has been my burden.

Not yours, just mine.
And I let go, finally...

On this day.

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Sunday, June 12, 2011

The Choice

From the time I could sit up and hold a baby doll, I wanted to be a mom. It was almost a fantasy for me, a place I would go to escape and dream about my husband, my home, my children…all seemingly a certainty for my future.

For that feeling of certainty, I blame all those Disney books and their princesses bound by destiny, staring at me with their perfect blue eyes from the pages of my nighttime storybooks. Even though I knew they were stories—fairytales and fantasy—during that time in the early 70’s, as a little girl, you were basically told that it would all happen. The only things that seemed like a fantasy or fiction were the ball gowns sparkling with stars from the nighttime sky, pieced together by singing mice and a fairy godmother’s magic. The rest seemed plausible and promised: there was one man out there just waiting to meet you. The only thing you didn’t know was the date and time. But, I was assured by my mother that it would happen before I reached the age of 20.
I banked on that. I was so afraid of not finding it, that I tried to turn every toad I kissed into a prince. I wanted the wait to be over. I wanted to start my fairytale. I wanted to be loved and to love someone forever.

It was hard as all my girlfriends got married, and I was literally the only one in my circle of friends who was single. I became godmother to some of my friends kids, a volunteer babysitter, and hopefully the cool, fun visiting friend who got down on the floor or in the sandbox and really played for hours, honoring all requests for silly songs and faces. I loved picking out birthday gifts and clothes in kids stores I would never otherwise get to frequent. As the years passed, I worried and stressed about my biological clock ticking away, and even looked into having a child on my own.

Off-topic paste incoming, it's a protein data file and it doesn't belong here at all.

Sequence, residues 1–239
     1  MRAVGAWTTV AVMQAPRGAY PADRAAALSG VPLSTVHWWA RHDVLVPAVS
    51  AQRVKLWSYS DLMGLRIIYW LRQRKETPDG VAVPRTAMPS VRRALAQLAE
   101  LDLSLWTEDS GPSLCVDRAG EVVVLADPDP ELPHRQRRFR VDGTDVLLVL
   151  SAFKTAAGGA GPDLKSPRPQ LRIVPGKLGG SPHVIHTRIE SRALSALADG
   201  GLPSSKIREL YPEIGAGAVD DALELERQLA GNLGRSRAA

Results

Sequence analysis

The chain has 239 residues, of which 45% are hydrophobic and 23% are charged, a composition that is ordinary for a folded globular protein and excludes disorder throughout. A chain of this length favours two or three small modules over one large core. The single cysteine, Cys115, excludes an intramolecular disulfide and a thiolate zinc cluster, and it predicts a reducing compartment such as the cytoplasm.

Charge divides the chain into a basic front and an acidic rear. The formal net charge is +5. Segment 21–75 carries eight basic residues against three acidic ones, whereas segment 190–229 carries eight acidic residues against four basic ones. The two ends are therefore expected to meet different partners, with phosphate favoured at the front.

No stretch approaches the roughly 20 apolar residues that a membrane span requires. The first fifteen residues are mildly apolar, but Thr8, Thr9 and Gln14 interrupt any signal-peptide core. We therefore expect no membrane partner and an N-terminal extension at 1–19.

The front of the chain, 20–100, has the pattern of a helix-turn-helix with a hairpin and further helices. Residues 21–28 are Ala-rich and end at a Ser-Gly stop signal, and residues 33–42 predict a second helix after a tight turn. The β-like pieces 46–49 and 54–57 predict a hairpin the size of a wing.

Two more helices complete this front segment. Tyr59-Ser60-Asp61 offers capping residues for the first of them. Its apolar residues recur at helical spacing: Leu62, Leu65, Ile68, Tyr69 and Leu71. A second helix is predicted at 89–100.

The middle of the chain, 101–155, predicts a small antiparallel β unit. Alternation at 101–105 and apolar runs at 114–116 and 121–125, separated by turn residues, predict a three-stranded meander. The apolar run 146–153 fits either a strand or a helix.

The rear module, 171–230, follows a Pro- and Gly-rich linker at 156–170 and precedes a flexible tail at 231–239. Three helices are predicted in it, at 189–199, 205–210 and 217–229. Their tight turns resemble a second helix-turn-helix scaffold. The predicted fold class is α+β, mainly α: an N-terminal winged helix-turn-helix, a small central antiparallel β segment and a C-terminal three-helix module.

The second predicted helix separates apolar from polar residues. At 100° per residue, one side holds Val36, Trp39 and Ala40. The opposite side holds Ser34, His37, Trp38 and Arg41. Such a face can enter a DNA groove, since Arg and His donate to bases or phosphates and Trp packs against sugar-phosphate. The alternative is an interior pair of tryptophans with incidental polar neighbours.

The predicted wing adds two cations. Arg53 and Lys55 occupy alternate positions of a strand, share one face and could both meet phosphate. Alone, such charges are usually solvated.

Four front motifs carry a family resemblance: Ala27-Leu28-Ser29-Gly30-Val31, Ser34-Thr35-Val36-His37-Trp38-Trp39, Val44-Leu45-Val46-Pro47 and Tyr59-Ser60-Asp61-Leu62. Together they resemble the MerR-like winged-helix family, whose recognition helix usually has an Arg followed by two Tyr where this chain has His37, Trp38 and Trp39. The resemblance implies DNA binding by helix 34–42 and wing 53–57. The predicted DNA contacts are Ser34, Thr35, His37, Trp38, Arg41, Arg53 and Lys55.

The reality was, during all those years I longed to be a mom, I was not ready at all. It wasn’t that I didn’t know how to raise a child (who does until you have one?) or that I wasn’t making enough money, or the other normal concerns. I was still struggling with the depression that had plagued me most of my adult life. Looking back, although I genuinely wanted to be a mom, I think a lot of the emptiness and worry I felt was more about wanting so badly to be loved unconditionally.

A few years ago, I gave up on the whole picture- the whole fantasy. I knew there would be no husband, no kids, no house with the picket fence. There were days I imagined myself as the crazy lady who lived on the corner shaking her broom at passersby on the street, with a hundred cats scattering underfoot. It didn’t seem like a big stretch from where I was at the time, and that in itself was frightening.